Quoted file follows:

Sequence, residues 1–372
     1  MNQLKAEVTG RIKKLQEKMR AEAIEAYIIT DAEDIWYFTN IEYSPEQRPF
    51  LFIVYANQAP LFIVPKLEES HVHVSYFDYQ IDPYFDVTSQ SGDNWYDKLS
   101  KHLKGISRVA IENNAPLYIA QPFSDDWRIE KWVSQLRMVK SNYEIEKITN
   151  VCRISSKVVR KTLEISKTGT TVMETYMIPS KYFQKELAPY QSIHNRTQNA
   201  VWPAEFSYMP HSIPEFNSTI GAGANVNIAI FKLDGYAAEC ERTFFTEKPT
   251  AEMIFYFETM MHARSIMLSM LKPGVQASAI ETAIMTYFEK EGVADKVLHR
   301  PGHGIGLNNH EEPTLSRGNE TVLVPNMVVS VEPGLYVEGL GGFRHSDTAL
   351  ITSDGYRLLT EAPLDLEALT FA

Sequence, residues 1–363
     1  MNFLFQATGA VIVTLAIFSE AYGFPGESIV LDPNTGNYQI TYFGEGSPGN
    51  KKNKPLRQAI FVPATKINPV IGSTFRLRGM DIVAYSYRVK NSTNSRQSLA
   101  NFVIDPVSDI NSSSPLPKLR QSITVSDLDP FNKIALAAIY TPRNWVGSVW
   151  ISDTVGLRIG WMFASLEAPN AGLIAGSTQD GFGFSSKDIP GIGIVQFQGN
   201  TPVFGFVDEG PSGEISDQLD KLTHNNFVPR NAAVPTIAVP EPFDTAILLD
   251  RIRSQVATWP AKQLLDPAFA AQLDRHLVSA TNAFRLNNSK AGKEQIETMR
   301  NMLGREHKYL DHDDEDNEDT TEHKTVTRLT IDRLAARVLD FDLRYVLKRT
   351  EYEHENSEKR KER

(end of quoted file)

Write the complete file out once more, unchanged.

Sequence, residues 1–372
     1  MNQLKAEVTG RIKKLQEKMR AEAIEAYIIT DAEDIWYFTN IEYSPEQRPF
    51  LFIVYANQAP LFIVPKLEES HVHVSYFDYQ IDPYFDVTSQ SGDNWYDKLS
   101  KHLKGISRVA IENNAPLYIA QPFSDDWRIE KWVSQLRMVK SNYEIEKITN
   151  VCRISSKVVR KTLEISKTGT TVMETYMIPS KYFQKELAPY QSIHNRTQNA
   201  VWPAEFSYMP HSIPEFNSTI GAGANVNIAI FKLDGYAAEC ERTFFTEKPT
   251  AEMIFYFETM MHARSIMLSM LKPGVQASAI ETAIMTYFEK EGVADKVLHR
   301  PGHGIGLNNH EEPTLSRGNE TVLVPNMVVS VEPGLYVEGL GGFRHSDTAL
   351  ITSDGYRLLT EAPLDLEALT FA

Sequence, residues 1–363
     1  MNFLFQATGA VIVTLAIFSE AYGFPGESIV LDPNTGNYQI TYFGEGSPGN
    51  KKNKPLRQAI FVPATKINPV IGSTFRLRGM DIVAYSYRVK NSTNSRQSLA
   101  NFVIDPVSDI NSSSPLPKLR QSITVSDLDP FNKIALAAIY TPRNWVGSVW
   151  ISDTVGLRIG WMFASLEAPN AGLIAGSTQD GFGFSSKDIP GIGIVQFQGN
   201  TPVFGFVDEG PSGEISDQLD KLTHNNFVPR NAAVPTIAVP EPFDTAILLD
   251  RIRSQVATWP AKQLLDPAFA AQLDRHLVSA TNAFRLNNSK AGKEQIETMR
   301  NMLGREHKYL DHDDEDNEDT TEHKTVTRLT IDRLAARVLD FDLRYVLKRT
   351  EYEHENSEKR KER